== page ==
Former Massachusetts Gov. Mitt Romney (right) and his former vice presidential running mate, U.S. Rep. Paul Ryan, R-Wis., arrive Thursday night at the Union League Club in Chicago, where Romney interviewed Ryan’s about his new book, “The Way Forward: Renewing the American Idea.” Ryan is on tour to promote the book as he weighs a presidential campaign of his own. | Charles Rex Arbogast/AP

Romney, Ryan together again to talk policy — and critique Obama

Onetime Republican presidential nominee Mitt Romney and his former running mate, U.S. Rep. Paul Ryan, reunited in Chicago on Thursday night in a rare joint appearance. The event, dubbed a Romney-moderated interview with Ryan about his new book, “The Way Forward, Renewing the American Idea,” at the Union League Club of Chicago was instead a shared space for both men to voice their opinions — mostly criticism of Barack Obama’s presidency.

Off Message: Rahm and the Unions

Natash Korecki is joined by Fran Spielman, Mark Brown and Kristen Crowell to discuss Rahm Emanuel's relationship with unions, both the ones that support him and the ones that oppose him.

Chicago Teachers Union President Karen Lewis talks about her childhood, her father, the minimum wage, potholes and other topics Thursday night before nearly 100 people who packed into chicken restaurant Thursday night in the Little Village neighborhood. | Mitch Dudek/Sun-Times

Karen Lewis says dad seeded her populist platform

Sounding like a budding superhero trying to sell her origin story, possible mayoral candidate Karen Lewis delved into her formative years Thursday night before nearly 100 people who had packed into a chicken restaurant in the Little Village neighborhood. On Saturdays, her father would take her for rides in his raggedy old Plymouth, which she called the “Flintstone car.” She joked that if you pulled up the floor mats, you could see the pavement. At age 7, on of those rides, her dad told her, “You get an education, you maintain your dignity and then you fight like hell to never let anyone take that away from you.”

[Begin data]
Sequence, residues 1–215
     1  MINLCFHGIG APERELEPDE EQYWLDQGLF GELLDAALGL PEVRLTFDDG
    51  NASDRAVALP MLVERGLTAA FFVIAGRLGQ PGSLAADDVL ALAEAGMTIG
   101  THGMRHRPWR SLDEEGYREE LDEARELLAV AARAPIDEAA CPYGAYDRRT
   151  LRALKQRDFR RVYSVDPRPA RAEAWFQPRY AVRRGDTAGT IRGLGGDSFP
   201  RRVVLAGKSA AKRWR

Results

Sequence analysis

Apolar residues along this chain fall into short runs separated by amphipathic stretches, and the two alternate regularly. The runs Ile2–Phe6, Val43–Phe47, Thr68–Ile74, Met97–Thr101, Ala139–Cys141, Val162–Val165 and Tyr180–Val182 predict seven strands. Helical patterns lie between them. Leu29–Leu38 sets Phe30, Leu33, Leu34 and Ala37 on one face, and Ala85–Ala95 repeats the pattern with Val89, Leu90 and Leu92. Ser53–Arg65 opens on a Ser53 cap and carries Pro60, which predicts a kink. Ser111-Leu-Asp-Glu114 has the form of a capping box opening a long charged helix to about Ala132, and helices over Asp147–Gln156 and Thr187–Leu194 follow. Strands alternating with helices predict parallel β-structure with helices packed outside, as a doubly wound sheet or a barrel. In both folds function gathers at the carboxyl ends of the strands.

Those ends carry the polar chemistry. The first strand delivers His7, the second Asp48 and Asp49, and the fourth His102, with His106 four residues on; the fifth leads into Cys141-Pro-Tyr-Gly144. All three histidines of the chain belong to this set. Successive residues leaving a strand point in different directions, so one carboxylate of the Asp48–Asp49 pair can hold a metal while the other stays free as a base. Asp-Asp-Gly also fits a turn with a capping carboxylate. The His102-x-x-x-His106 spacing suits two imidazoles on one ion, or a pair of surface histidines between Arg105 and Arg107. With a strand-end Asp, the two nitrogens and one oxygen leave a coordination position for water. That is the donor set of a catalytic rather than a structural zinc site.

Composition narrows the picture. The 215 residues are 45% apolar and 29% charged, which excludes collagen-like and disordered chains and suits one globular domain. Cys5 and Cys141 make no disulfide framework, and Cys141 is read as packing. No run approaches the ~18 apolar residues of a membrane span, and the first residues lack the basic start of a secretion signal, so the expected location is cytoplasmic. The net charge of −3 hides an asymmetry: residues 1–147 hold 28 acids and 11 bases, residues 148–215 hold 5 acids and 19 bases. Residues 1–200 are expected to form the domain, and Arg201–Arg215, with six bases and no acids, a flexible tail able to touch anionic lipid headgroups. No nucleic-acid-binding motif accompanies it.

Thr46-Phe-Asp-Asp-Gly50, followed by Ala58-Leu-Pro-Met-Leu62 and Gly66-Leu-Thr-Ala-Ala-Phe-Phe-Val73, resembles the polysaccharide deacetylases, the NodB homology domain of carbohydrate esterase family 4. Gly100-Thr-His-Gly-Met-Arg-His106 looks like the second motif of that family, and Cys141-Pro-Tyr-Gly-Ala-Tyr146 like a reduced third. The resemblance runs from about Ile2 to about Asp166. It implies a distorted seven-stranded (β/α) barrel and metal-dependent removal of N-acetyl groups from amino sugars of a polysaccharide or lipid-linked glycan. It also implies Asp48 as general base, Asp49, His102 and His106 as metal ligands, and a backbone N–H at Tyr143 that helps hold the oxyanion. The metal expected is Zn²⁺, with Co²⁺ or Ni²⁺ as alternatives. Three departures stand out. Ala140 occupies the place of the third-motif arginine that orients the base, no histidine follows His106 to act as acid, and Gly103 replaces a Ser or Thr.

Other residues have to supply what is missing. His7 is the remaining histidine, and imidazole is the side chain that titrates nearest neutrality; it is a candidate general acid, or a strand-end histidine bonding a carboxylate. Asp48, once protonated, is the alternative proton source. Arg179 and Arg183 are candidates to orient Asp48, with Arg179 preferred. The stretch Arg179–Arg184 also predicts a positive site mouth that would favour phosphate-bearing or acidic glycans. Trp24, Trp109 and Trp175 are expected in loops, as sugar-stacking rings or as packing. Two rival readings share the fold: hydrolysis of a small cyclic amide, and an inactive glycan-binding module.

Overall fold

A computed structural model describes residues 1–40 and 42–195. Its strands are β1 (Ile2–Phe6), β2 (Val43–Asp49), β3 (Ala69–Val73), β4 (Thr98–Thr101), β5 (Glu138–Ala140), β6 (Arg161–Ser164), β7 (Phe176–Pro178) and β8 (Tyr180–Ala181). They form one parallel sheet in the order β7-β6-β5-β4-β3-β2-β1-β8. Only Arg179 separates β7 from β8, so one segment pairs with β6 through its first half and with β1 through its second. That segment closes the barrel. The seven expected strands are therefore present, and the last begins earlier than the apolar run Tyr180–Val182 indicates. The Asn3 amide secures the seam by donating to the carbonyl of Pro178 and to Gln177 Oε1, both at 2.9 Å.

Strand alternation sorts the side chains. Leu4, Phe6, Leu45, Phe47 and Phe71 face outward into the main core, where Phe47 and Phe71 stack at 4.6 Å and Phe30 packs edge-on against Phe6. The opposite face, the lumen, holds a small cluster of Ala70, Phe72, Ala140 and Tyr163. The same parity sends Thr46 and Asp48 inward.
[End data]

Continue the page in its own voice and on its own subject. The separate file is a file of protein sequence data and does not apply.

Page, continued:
Karen Lewis (right), president of the Chicago Teachers Union, talks with journalist Walter Jacobson on Tuesday night at the Beverly Woods Banquet Hall. | Michael Schmidt/Sun-Times

Pro-Karen Lewis super PAC on the drawing board

With a robust campaign fund at $8 million and an outside super PAC already weighing in at $1 million, Mayor Rahm Emanuel certainly doesn’t have money problems. But if Chicago Teachers Union President Karen Lewis decides to run against Emanuel, she won’t exactly be scraping bottom. Political insiders tell Early & Often there’s an effort underway exploring creation of a super PAC to counter Emanuel — and benefit a Lewis candidacy.  

 

Maria Bucio, director of La Casa, in Pilsen in 2012 . File Photo. | John H. White~Sun-Times

College dorm in Pilsen says ‘hola’

Polo Briones got a reasonably priced alternative to campus housing when the senior at the University of Illinois at Chicago moved to La Casa, a college dormitory in Pilsen for students attending colleges all over the city. Two years ago I wrote about the opening of La Casa, the first dormitory of its kind in the U.S., designed to house 100 full-time college students spread throughout the city. I stopped by again this week for an update.